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Responsibility and judging: producing and using numbers

Responsibility and judging: producing and using numbers

Chapter:
(p.113) Six Responsibility and judging: producing and using numbers
Source:
The Politics of Public Education
Author(s):
Helen M. Gunter
Publisher:
Policy Press
DOI:10.1332/policypress/9781447339588.003.0006

In the high stakes context of biopolitical distinctiveness, what matters appears to be selecting data and using it to make performance claims by smoothing a narrative. This chapter examines how this is integral to segregating the system using Hannah Arendt's (2003) thinking about responsibility and judgement, where she identifies what happens when people are rendered thoughtless, particularly in how a situation is framed and understood through fabricated myth-making. The deployment of the Education Policy Knowledgeable Polity to the creation of ‘data-rich’ schools in England enables an examination of a form of depoliticisation by calculation where the interplay between standards, numbers, and school leadership is deployed to change identities and practices. The state has been able to make contractual alliances with elite individuals, companies, and networked knowledge producers who have used particular ideologies in order to present a seductive, trainable, and measurable model for the modern professional.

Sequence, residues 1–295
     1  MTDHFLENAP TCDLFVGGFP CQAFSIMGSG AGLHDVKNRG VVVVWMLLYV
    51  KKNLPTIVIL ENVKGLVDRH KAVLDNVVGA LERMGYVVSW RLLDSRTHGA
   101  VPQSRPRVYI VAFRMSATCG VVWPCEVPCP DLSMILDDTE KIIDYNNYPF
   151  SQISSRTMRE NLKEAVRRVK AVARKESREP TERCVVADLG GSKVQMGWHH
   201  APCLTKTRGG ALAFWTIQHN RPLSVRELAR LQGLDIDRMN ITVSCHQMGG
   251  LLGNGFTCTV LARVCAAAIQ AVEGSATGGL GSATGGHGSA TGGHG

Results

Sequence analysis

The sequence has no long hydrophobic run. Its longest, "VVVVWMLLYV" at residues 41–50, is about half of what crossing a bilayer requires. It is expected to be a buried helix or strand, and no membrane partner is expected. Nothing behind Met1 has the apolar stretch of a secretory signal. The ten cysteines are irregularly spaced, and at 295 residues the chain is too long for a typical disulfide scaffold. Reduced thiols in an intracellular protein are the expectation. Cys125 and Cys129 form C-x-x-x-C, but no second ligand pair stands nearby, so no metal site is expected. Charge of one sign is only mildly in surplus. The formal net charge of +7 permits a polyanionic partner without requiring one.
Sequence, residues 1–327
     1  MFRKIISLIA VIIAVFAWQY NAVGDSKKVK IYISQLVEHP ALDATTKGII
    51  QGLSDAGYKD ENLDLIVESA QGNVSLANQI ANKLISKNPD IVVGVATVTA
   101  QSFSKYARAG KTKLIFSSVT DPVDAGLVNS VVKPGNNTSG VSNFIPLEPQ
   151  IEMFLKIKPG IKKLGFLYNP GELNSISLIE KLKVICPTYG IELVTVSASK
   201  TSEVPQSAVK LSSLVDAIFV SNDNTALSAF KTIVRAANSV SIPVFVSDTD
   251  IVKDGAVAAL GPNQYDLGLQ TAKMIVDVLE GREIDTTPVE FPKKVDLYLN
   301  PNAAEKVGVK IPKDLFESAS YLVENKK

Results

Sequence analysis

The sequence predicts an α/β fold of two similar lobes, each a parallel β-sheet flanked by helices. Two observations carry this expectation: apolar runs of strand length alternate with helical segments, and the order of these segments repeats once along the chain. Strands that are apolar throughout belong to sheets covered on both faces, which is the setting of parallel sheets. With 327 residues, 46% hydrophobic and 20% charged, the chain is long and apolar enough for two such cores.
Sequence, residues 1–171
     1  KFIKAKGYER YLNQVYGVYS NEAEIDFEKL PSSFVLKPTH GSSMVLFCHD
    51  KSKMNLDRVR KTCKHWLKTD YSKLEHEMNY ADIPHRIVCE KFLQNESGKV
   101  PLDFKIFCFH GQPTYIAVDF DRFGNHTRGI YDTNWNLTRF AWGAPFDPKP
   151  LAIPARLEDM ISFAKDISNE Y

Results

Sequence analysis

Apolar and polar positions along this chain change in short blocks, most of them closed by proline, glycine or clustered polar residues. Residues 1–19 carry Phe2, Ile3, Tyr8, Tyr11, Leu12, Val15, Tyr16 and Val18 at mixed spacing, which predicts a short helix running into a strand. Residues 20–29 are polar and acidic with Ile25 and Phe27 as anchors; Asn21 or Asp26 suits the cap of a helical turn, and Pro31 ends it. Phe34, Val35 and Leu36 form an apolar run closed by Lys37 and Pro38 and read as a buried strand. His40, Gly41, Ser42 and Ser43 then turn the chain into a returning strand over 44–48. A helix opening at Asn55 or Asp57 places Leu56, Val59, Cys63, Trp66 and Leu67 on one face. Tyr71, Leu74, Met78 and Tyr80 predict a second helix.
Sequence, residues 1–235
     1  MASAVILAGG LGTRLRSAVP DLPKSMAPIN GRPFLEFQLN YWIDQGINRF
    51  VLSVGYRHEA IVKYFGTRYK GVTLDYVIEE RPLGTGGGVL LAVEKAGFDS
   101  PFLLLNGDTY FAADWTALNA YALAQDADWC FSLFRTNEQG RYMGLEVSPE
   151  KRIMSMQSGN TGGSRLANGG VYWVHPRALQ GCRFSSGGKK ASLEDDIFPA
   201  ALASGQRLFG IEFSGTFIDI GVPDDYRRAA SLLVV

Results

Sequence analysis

Keywords:   Hannah Arendt, Education Policy Knowledgeable Polity, education reform, depoliticisation, segregated education system

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